Murder Of Roger Ackroyd By Agatha Christie

Of that i am sure in what manner does he amuse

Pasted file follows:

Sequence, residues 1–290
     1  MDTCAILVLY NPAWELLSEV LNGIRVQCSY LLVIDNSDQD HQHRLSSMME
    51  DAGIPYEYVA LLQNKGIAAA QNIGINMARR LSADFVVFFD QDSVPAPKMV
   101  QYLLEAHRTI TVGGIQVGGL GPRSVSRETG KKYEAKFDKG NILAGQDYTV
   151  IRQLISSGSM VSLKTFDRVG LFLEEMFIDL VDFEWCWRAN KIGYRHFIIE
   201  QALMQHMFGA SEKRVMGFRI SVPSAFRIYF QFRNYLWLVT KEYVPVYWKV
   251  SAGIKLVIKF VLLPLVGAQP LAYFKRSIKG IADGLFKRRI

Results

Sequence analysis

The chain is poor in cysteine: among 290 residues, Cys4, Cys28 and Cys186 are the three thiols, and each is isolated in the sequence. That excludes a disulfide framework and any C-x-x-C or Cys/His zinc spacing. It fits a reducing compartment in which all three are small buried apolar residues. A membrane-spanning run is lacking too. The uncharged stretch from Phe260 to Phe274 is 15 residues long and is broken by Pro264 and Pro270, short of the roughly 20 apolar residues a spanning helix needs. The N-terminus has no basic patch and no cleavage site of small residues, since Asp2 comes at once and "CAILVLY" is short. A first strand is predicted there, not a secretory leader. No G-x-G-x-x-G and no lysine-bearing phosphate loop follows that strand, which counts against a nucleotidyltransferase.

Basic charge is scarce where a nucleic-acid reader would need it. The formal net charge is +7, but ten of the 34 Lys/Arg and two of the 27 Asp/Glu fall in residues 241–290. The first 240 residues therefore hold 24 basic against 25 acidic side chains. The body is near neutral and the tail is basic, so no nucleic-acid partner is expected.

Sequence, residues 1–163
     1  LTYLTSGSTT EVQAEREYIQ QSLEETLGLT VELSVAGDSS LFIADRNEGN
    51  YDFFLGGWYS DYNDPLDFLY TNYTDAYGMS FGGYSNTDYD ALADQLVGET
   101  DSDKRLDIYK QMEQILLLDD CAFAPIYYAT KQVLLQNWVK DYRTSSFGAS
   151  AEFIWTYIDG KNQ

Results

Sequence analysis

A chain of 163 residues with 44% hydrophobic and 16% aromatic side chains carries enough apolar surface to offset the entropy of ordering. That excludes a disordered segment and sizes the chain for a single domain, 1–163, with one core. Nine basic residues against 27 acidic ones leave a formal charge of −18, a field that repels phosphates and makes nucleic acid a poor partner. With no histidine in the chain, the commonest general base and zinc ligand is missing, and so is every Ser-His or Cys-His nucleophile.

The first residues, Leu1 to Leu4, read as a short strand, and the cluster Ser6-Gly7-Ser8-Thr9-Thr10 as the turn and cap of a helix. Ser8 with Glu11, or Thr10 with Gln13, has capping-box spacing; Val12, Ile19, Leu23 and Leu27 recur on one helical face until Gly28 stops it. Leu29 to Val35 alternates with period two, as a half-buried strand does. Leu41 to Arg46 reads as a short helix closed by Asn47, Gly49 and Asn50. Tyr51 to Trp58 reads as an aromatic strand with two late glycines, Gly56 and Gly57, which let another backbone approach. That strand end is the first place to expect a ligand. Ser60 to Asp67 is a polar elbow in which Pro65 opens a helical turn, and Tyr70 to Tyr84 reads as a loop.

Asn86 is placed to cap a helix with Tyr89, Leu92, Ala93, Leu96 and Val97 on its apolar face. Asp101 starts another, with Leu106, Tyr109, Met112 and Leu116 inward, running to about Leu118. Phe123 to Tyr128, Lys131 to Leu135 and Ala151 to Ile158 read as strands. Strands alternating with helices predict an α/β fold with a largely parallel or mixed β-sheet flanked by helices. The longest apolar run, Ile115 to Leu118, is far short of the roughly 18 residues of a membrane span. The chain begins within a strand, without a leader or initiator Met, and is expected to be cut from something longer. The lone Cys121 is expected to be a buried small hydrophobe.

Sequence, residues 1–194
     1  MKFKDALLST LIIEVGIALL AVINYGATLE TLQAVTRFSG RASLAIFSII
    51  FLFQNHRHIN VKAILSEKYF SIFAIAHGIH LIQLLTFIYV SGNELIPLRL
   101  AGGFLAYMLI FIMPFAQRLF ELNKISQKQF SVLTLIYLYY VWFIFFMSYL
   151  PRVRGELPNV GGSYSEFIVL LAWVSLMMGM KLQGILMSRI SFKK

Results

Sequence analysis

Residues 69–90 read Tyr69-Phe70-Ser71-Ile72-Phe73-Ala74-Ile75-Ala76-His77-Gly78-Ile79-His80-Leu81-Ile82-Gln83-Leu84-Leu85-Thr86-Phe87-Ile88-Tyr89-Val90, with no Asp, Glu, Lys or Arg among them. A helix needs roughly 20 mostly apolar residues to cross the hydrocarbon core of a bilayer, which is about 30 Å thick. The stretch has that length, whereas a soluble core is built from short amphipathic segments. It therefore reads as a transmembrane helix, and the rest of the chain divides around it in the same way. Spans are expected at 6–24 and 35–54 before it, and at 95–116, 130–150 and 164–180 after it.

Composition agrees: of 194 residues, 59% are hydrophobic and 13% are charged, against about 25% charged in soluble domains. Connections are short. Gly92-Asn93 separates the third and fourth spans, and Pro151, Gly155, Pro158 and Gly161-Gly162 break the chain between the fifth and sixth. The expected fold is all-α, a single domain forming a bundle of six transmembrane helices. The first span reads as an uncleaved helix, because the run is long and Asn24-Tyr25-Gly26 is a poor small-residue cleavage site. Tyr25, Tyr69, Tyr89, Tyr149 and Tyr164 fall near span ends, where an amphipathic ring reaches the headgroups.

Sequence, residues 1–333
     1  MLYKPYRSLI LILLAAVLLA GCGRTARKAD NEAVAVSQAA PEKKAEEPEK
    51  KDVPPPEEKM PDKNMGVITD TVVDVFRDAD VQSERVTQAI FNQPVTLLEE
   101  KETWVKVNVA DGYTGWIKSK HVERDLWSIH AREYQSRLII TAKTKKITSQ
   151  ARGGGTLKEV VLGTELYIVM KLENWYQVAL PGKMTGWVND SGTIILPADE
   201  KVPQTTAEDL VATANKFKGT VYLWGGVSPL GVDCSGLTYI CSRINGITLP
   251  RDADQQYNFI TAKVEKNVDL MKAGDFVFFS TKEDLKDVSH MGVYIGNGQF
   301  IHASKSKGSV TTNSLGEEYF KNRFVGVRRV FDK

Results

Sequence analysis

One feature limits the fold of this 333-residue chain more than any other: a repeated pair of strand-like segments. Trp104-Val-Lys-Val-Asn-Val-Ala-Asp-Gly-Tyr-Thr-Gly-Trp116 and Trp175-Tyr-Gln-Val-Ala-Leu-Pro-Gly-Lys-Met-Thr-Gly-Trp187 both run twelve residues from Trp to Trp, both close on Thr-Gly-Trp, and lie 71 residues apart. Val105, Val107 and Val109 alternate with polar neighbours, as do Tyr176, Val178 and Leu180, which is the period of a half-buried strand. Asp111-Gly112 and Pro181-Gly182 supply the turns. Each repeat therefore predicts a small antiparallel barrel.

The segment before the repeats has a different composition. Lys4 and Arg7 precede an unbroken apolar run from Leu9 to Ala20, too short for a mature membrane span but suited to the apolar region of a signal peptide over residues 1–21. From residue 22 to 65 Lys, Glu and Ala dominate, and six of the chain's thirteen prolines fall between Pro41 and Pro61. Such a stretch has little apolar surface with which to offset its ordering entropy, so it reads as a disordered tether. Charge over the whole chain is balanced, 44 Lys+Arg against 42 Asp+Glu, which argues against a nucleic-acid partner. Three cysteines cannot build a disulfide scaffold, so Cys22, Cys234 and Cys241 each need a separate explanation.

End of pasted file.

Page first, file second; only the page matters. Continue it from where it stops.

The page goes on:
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Unformatted text preview: 'He has been here - how long?' 'Just on two years, I fancy.' 'His duties he fulfils punctiliously. Of that I am sure. In what manner does he amuse himself? Does he go in for Ie sporty 'Private secretaries haven't much time for that sort of thing,' said Colonel Melrose, smiling. 'Raymond plays golf, I believe. And tennis in the summer time.' 'He does not attend the courses -1 should say the running of the horses?' 'Race meetings? No, I don't think he's interested in racing.' Poirot nodded and seemed to lose interest. He glanced slowly round the study. 'I have seen, I think, all that there is to be seen here.' I, too, looked round. 'If those walls could speak,' I murmured. Poirot shook his head. 'A tongue is not enough,' he said. They would have to have also eyes and ears. But do not be too sure that these dead things' - he touched the top of the bookcase as he spoke - 'are always dumb. To me they speak sometimes - chairs, tables - they have their message!' He turned away towards the door. 'What message?' I cried. 'What have they said to you today?' He looked over his shoulder and raised one eyebrow quizzically. 'An opened window,' he said. 'A locked door. A chair that apparently moved itself. To all three I say "Why?" and I find no answer.' He shook his head, puffed out his chest, and stood blinking at us. He looked ridiculously full of his own importance. It crossed my mind to wonder whether he was really any good as a detective. Had his big reputation been built up on a series of lucky chances?' I think the same thought must have occurred to Colonel Melrose, for he frowned. 'Anything more you want to see, M. Poirot?' he inquired brusquely. 'You would perhaps be so kind as to show me the silver table from which the weapon was taken? After that, I will trespass on your kindness no longer.' We went to the drawing-room, but on the way the constable waylaid the colonel, and after a muttered conversation the latter excused himself and left us together. I showed Poirot the silver table, and after raising the lid once or twice and letting it fall, he pushed open the window and stepped out on the terrace. I followed him. Inspector Raglan had just turned the corner of the house, and was coming towards us. His face looked grim and satisfied. 'So there you are, M. Poirot,' he said. 'Well, this isn't going to be much of a case. I'm sorry, too. A nice enough young fellow gone wrong.' Poirot's face fell, and he spoke very mildly. 'I'm afraid I shall not be able to be of much aid to you, then?' 'Next time, perhaps,' said the inspector soothingly. 'Though we don't have murders every day in this quiet little corner of the world.' Poirot's gaze took on an admiring quality. 'You have been of a marvellous promptness,' he observed. 'How exactly did you go to work, if I may ask?' 'Certainly,' said the inspector. 'To begin with - method. That's what I always say - method!' 'Ah!' cried the other. 'That, too, is my watchword. Method, order, and the little grey cel...
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